The Girl Who Fell Beneath Fairyland and Led the Revels There (post the first), Catherynne M Valente

There are some books that just bound and determined to keep me from reading them quickly, and this is one of them. To be fair, The first book in this collection, The Girl Who Circumnavigated Fairyland in a Ship of Her Own Making, had the same effect on me. I’m actually amazed I managed to get through that one in two posts.

Let me be clear – this is not at all an issue of quality. Valente is an incredibly gifted writer, and she weaves wonderful stories for her readers. The difficulty for me is that her books are, well, feasts. Visually speaking, she creates such a rich world that I cannot read it at my normal rate. I have to keep pausing to imagine what Alice in Wonderland-esque quirks she’s telling me about. I love it, but it’s also exhausting to the mental eye. I read maybe two or three of these brief chapters at a time and I feel completely full. I need to take time to live in her world before I can go on.

Valente has the ability to make me feel as though I’m a part of this place she’s created, but the price I must pay is speed. I cannot be my efficient, grown-up self if I want to come and quest with her. And I do. I desperately do – who doesn’t? Who hasn’t heard of Neverland and wondered what it would be like to fly through the window one night? Who hasn’t wanted to trade junior high gym class for a letter from Hogwarts? Who hasn’t been willing to take on the weight of the world in exchange for magic and mystery and heroics?

I think we all want it, in our ways.

Of course, our desires don’t all look the same. I grew up loving Anne McCaffery’s Pern and Piers Anthony’s Xanth, so my perspective on another world may look very different from an eleven year old girl who has read The Hunger Games, and Divergent, and Harry Potter at a highly impressionable age. Granted, I’ve read all those books and loved them too, so when I imagine what I might find if I climbed through a wardrobe, it has the elements of years of pages lovingly turned.

What stays the same though, through decades of literature and analytical critique, is that having a child’s open mind and hard heart is a strength. At the end of an adventure, of course, one does well to be wiser, but at the beginning? Not at all. In order to gain entrance, you must shrink down and let go of logic completely. That is not such an easy thing as we get older and struggle with practicalities all day, every day. Our sense of whimsy fades. Our patience for magic wanes. We read too quickly, and we forget to fall down into the rabbit hole of the story.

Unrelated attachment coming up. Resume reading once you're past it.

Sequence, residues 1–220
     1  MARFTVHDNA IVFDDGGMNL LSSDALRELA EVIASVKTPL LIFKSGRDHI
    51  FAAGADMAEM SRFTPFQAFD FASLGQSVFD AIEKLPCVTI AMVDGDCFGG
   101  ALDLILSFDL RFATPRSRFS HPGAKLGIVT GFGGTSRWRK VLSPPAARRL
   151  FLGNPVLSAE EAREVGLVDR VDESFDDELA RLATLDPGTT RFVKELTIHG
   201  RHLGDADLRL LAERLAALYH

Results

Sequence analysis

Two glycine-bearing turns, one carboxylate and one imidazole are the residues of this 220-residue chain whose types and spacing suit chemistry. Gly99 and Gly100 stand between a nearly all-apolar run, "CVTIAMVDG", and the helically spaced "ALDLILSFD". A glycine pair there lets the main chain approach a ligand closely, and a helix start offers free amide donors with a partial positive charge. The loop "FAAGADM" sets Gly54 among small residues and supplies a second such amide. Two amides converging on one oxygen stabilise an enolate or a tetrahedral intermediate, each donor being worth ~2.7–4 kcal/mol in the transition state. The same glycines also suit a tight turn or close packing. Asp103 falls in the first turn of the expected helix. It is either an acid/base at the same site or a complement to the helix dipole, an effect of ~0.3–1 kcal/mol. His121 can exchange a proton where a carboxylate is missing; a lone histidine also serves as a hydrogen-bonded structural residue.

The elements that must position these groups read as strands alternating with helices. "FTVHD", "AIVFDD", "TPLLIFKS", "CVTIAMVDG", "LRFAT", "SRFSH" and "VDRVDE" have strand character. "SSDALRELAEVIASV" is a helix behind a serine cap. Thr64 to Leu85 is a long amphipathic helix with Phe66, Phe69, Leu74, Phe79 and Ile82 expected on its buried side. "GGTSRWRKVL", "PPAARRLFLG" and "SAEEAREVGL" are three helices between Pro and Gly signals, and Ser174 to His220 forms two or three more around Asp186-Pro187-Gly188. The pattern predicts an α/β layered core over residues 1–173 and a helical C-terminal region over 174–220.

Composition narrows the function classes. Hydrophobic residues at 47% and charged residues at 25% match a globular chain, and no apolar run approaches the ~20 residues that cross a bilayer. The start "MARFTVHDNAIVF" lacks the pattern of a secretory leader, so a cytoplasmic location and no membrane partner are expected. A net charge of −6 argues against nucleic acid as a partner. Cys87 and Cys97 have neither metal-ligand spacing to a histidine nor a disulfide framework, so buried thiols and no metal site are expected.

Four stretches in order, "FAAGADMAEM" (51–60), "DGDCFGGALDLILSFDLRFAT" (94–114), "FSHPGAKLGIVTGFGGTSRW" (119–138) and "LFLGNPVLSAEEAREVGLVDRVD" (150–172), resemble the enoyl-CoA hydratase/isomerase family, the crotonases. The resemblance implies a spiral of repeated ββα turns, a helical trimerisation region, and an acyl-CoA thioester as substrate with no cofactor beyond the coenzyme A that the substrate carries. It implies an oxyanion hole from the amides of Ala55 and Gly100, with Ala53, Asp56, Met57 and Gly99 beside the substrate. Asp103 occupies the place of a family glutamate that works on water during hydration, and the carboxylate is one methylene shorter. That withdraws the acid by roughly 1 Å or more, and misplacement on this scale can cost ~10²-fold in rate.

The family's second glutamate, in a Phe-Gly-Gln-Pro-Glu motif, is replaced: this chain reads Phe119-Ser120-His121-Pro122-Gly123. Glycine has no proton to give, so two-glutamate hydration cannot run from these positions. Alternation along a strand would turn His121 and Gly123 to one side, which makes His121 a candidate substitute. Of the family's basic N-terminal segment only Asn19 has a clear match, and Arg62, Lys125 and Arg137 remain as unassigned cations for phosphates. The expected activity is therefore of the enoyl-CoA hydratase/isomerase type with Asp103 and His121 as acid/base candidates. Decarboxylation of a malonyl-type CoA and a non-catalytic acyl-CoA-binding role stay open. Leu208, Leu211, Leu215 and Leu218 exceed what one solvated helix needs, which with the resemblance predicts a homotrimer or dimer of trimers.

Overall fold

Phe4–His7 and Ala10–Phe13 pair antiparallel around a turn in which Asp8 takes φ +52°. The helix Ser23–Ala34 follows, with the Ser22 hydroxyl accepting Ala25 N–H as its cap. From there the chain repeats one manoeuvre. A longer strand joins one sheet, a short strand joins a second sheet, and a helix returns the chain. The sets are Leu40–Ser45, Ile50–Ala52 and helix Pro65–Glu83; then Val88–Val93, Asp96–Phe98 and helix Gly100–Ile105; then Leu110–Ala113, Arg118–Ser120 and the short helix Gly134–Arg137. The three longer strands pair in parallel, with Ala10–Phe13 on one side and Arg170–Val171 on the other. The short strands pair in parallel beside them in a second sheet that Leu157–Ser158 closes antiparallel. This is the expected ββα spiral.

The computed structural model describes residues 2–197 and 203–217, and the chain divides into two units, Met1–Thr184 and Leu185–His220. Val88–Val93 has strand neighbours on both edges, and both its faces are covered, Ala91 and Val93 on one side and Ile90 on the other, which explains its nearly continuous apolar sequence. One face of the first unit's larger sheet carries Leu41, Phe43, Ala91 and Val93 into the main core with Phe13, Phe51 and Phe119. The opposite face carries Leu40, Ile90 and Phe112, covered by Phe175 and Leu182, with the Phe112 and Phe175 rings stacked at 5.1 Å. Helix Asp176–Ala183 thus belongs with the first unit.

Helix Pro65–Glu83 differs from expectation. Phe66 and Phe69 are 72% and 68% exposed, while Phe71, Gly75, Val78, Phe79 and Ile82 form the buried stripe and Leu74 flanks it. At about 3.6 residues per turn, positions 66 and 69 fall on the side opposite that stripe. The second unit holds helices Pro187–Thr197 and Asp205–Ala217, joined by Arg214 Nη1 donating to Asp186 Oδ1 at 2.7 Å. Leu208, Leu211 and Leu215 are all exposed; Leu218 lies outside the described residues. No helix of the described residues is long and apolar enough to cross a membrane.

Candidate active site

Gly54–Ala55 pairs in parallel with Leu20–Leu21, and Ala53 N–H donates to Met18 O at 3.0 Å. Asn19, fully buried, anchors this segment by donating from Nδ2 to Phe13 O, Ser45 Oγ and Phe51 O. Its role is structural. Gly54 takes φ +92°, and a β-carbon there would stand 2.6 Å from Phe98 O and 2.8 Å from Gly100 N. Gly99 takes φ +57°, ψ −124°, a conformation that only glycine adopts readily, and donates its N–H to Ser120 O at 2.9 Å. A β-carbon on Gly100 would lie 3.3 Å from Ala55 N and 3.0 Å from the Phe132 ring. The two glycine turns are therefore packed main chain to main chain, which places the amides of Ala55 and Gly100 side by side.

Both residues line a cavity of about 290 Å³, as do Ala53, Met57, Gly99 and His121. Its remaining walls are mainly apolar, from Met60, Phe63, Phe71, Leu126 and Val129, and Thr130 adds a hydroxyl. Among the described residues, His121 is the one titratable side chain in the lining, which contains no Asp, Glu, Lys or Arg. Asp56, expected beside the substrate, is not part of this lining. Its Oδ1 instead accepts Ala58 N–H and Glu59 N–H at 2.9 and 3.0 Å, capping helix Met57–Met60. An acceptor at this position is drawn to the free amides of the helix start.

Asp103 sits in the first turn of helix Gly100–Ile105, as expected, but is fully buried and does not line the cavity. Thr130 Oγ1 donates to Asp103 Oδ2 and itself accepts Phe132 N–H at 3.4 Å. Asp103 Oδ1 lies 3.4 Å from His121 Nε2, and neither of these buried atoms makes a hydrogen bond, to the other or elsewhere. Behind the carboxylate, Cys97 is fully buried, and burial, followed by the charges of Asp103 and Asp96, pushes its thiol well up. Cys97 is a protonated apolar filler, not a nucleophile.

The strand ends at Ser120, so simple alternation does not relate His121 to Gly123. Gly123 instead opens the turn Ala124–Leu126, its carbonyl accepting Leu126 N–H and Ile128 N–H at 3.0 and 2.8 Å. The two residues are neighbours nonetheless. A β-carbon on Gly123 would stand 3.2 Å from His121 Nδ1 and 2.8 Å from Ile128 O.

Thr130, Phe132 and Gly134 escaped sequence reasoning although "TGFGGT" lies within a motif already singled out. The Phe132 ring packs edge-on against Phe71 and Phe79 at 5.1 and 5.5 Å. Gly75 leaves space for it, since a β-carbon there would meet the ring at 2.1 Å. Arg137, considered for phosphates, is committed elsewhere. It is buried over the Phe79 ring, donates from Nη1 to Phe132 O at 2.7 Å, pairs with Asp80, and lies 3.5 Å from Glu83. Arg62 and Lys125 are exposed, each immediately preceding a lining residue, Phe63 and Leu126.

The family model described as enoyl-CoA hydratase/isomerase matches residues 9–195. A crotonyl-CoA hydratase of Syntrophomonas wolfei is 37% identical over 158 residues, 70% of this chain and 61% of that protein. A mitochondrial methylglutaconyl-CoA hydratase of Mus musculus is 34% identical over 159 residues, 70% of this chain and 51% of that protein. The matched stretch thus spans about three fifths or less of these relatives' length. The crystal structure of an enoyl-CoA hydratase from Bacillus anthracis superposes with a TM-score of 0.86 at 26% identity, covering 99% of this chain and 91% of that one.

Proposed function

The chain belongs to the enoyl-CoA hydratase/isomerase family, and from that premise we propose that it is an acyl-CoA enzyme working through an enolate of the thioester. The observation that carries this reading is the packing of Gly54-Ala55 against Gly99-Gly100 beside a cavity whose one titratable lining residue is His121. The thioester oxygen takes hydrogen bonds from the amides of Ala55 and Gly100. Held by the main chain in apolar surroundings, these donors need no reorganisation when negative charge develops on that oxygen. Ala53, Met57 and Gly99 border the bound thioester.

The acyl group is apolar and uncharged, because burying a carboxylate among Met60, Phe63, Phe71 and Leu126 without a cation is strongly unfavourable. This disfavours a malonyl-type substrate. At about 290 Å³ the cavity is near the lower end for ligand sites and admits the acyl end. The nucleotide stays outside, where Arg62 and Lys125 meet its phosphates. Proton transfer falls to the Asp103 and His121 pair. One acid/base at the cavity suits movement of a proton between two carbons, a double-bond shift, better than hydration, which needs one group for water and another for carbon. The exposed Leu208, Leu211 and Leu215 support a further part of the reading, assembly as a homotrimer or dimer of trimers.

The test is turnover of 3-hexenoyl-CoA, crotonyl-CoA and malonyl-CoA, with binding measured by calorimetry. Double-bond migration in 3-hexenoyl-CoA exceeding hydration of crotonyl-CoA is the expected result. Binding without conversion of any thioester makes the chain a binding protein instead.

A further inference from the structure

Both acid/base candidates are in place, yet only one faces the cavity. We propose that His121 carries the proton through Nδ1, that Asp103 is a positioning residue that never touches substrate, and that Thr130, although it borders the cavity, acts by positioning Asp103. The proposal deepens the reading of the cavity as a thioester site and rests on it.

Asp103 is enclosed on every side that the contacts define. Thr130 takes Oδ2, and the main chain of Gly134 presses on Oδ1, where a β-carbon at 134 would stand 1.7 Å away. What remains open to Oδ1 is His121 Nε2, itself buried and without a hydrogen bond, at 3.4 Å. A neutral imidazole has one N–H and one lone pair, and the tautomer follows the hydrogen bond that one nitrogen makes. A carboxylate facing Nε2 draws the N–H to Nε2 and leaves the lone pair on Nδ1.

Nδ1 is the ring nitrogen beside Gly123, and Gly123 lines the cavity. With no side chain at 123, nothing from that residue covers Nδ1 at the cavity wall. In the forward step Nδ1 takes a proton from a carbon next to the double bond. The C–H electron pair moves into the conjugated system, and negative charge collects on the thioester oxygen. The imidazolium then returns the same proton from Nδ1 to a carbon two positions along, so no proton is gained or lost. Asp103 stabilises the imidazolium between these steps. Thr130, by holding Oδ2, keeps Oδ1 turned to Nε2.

I’m as guilty of this as anyone. I love stories, and I have to cling to a version of myself that I barely remember when I open a book like this. I try to call back the stars to my eyes, desperately wishing for that sure, bright sight I used to have, but it gets harder every year. Even Wendy had to grow up eventually, the adventures of her youth becoming bedtime stories for new children. I always thought that was a desperately sad thing, that final moment when Peter returns for his friend and she has grown up on him. I don’t feel badly for him though – no – I ache for her, for all those years she told herself those tales so that she could remember what it felt like to taste magic.

In these stories, there are always people who inhabit a magical land, who get to live there forever, and then there are the people who have managed to sneak in, the people we follow just in case, someday, we find our path. Their stories are roadmaps for our secret, questing hearts. We must read them carefully or risk missing the moment when our opportunity flits past.

 

For more about Catherynne M Valente, visit her beautiful page here.

The Graveyard Book, Neil Gaiman

Every January, I reread The Graveyard Book. A rainy day will come, or I’ll be in bed with a cold, and this overwhelming urge to pull it off the shelf again overcomes me. Even the year it was published, I read it again in January. I don’t know why it has such a strong influence on me during this time of year, but I suspect it’s something to do with the sense of mystery that permeates the novel and these early dark days of winter.

I wrote a letter to Gaiman the second or third time I read it, and I searched my computer desperately for a copy because honestly, few things are funnier than seeing me geek out over an author. Unfortunately, although I remember saving a copy before I sent it out, it’s gone now. I can’t even recreate what I wrote, although I know I spent an hour or so working on it while sitting on the couch, watching the rain beat against the window. I also remember the feeling I had – the feeling I always have – after I put this book down. It’s like staring up at the world from the bottom of deep crevasse; up there, the light dances with its shadow and the storms passing make the ground greener, rather than just damp. It’s possible to hear voices, and doors slamming, dogs barking at the music playing too loudly, but deep down, in this narrow reach of earth, everything is muted. Soft-edged. There’s magic, and it’s the kind that’s a little bit dark.